The value of the OP approach is that, with experience, one can virtually guarantee a solidly structured plot …

The danger, however, is the lack of that freshness and spontaneity the NOPs are known for. An OP may get to a place where one of the characters is screaming to do something other than what’s written down on a scene card. The OP fights the character, whipping him back into submission. But in doing so, he may have missed the exact angle that would make his plot original.”

All to say that there are multiple ways to fail with your plot – all of them easy to see in retrospect and easy to describe. But how to build a successful plot is much more elusive and difficult to prescribe.

What I know is that I’ve signed up for the outlining tour-of-duty and I’m going to march forward with determination towards that goal. Just the idea of 3″ x 5″ cards literally gives me hives, though, so it looks like I’ll be writing the 50-page plot treatment.

Hopefully I won’t have to have someone put me into an overlarge cat carrier, stick me on the back seat, and drive me – yowling – to the Great 5writers Outline Retreat in February.

That candy bowl better be there, though.

9 thoughts on “Confessions of a NOP

  1. Oh my, you’ve outdone yourself Silk!

    “…My angst about it isn’t coming from my cortex. It’s radiating up from my limbic brain. Feral fear of captivity. And, if I’m honest, a streak of cat laziness.”

    Marvellous! How can we not love this – if you devote even a tiny scintilla of the creative energy with which you’ve crafted this post – you’ll be laughing come February!

    • It scares me that I find it so much easier to spit out non-fiction essayish stuff than real stories. Practice practice practice.

  2. I completely understand your reluctance, Silk – I’m not an outliner by choice – but what I’ve found over the years of writing, is that even if I don’t write an outline before I start the story, one will develop in my mind as the chapters emerge on screen. The actions of the characters in the story will point to where the story has to go, and the more you get written, the narrower the future choices become. The only times I do outline are between drafts, to make sure I keep track of what has happened in the rough draft, and where things have to be, and what needs still to happen to raise the tension and make sure the story arc works properly.

    • Thanks for the good advice Bev! I suspect I’ll meet this 5writers outline challenge with some hybrid form of story plan. Reading about the preferred practices of many bestselling writers, it becomes very obvious that there’s no “one size fits all” formula!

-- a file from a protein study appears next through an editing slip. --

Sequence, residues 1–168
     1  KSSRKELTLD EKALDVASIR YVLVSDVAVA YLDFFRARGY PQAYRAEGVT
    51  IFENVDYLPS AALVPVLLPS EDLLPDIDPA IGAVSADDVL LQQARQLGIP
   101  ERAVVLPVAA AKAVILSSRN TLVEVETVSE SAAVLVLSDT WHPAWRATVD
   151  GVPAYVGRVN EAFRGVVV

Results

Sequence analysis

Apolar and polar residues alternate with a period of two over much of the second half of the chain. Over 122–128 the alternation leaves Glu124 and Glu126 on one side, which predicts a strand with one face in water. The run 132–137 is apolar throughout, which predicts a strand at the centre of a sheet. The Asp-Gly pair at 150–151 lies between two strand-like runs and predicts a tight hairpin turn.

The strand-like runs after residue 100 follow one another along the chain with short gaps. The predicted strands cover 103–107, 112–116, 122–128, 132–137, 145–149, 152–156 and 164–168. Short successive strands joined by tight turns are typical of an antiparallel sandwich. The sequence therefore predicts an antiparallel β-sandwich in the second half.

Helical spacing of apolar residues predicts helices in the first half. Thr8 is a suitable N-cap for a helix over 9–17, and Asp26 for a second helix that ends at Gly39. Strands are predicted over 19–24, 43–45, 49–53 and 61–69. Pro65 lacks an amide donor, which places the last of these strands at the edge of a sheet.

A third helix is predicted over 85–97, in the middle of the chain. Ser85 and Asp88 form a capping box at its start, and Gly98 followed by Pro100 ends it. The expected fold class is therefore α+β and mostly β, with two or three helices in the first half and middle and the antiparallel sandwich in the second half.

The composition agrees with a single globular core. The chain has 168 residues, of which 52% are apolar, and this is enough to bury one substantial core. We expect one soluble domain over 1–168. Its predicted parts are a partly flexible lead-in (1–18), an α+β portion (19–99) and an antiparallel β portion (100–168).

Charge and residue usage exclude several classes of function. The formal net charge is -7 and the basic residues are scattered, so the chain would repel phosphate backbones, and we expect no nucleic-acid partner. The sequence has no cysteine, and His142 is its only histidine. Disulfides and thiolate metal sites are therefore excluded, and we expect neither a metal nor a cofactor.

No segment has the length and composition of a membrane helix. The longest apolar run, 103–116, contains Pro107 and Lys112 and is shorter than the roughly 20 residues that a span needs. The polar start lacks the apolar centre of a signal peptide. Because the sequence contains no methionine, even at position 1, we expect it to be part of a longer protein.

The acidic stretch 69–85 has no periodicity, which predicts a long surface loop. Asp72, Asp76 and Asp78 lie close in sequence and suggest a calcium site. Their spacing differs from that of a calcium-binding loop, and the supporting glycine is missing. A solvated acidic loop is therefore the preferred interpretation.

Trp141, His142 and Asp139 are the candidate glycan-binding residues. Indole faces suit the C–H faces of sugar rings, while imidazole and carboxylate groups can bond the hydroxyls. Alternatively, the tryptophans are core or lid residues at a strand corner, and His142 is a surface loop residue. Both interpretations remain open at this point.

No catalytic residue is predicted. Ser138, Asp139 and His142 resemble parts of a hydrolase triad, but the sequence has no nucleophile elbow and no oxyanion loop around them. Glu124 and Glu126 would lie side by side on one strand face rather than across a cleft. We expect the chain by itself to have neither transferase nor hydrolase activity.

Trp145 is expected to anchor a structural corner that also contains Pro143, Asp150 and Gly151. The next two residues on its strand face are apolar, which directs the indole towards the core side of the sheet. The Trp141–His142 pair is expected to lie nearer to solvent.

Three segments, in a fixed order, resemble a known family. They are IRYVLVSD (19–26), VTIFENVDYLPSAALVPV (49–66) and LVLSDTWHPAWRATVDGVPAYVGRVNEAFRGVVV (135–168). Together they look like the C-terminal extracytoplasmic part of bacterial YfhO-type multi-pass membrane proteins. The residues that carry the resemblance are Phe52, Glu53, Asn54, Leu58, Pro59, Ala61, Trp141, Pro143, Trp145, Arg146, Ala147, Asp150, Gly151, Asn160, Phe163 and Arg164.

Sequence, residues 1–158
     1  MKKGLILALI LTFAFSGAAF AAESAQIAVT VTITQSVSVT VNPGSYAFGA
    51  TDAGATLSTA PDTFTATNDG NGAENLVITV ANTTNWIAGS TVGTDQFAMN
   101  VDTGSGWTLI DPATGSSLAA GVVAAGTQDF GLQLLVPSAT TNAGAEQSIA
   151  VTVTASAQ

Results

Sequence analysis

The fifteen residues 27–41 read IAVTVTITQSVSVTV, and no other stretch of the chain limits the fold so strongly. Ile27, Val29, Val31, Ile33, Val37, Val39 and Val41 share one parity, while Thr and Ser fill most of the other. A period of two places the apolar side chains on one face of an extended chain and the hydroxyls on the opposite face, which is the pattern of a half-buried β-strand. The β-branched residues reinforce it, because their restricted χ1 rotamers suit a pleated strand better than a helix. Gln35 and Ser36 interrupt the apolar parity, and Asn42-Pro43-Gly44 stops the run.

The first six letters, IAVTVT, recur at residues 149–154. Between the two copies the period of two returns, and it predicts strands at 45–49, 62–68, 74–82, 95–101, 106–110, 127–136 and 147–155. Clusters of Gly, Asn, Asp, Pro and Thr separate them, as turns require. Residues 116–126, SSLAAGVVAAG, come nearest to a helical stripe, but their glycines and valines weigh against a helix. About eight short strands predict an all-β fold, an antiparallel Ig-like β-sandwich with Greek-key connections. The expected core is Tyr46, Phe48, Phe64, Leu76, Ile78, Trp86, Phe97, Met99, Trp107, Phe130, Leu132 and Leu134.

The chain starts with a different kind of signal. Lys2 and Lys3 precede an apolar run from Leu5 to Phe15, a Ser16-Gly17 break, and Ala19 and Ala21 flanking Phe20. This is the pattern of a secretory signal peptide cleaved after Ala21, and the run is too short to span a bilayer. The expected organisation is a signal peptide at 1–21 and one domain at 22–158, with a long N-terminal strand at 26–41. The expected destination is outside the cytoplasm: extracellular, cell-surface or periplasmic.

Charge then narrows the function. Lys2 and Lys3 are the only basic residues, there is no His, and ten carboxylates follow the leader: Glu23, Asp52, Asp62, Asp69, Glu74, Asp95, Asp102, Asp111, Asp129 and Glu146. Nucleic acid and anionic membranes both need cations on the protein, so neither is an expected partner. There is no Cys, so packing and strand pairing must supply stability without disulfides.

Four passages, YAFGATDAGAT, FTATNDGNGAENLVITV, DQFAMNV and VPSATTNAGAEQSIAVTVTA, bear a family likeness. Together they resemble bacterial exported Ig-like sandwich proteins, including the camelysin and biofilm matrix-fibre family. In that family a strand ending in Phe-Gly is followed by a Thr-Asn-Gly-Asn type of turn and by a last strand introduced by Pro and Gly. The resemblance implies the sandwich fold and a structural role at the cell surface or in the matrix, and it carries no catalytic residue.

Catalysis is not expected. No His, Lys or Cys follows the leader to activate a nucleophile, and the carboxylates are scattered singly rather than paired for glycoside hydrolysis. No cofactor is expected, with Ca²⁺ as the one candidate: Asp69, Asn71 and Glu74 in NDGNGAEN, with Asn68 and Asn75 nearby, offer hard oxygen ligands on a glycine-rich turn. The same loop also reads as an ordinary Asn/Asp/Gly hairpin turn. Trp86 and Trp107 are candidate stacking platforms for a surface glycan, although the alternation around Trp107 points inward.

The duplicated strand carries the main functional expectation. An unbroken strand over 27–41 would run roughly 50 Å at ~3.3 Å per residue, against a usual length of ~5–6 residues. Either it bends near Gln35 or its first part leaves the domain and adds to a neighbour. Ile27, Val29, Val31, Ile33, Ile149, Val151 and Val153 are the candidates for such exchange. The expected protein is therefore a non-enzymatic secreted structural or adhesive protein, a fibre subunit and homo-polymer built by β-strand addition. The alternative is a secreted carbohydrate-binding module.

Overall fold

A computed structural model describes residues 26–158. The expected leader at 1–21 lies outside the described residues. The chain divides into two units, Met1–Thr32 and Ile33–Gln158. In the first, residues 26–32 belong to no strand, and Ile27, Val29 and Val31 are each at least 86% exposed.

3. Great post, Silk. Glad you took the bull by the horns (after crawling out from your cat cage). I too am in the NOP camp, for better or worse. I’ve paid a price mind you, like having to shift into reverse when I got to a dead end and rewrite large parts of my manuscripts. But by doing so, I hope that I have gained some freshness rather than my story sounding stale. I reject nothing more than being controlled, so I find it difficult to change stripes when it comes to my approach to writing. To me, an outline (the more detailed the more so) feels like a tether around my throat, cutting off the oxygen my characters need to come alive. I realize that for other writers, an outline is exactly what they need to produce a great manuscript. The issue of what is the preferred method will never be solved. We are just simply different personalities so we have to go with what works best for us. All to say, this upcoming 5 writers project will be a big challenge. I will keep an open mind, and do my best. Maybe I will be pleasantly surprised.

    • I think it’s all part of the “try, try again” process. When we each get published – and it WILL happen – we’ll know what approach actually worked best for us!

  4. I feel your pain, having NOP’d my two manuscripts. But the cold reality revealed through my betas included that saggy middle and wayward story lines. And the revisions after revisions after revisions do get tiring. So on my rebuilds I’m trying a hybrid approach, figuring out the main plot points and making sure they’ll provide the increasing “tension” as I head toward “The End” but also allowing my characters a say in how they get from point to point. Of course, I’m hoping this will work!

    • Sounds like a plan JM! I do think there are many routes to the intended destination, though some are more circuitous than others. When we travel, I always prefer the scenic byways to the super highways, and I tend to write the same way. On the other hand, I’d like to GET THERE in this lifetime!

  5. Pingback: What the heck is a pantser?! | Linda Maye Adams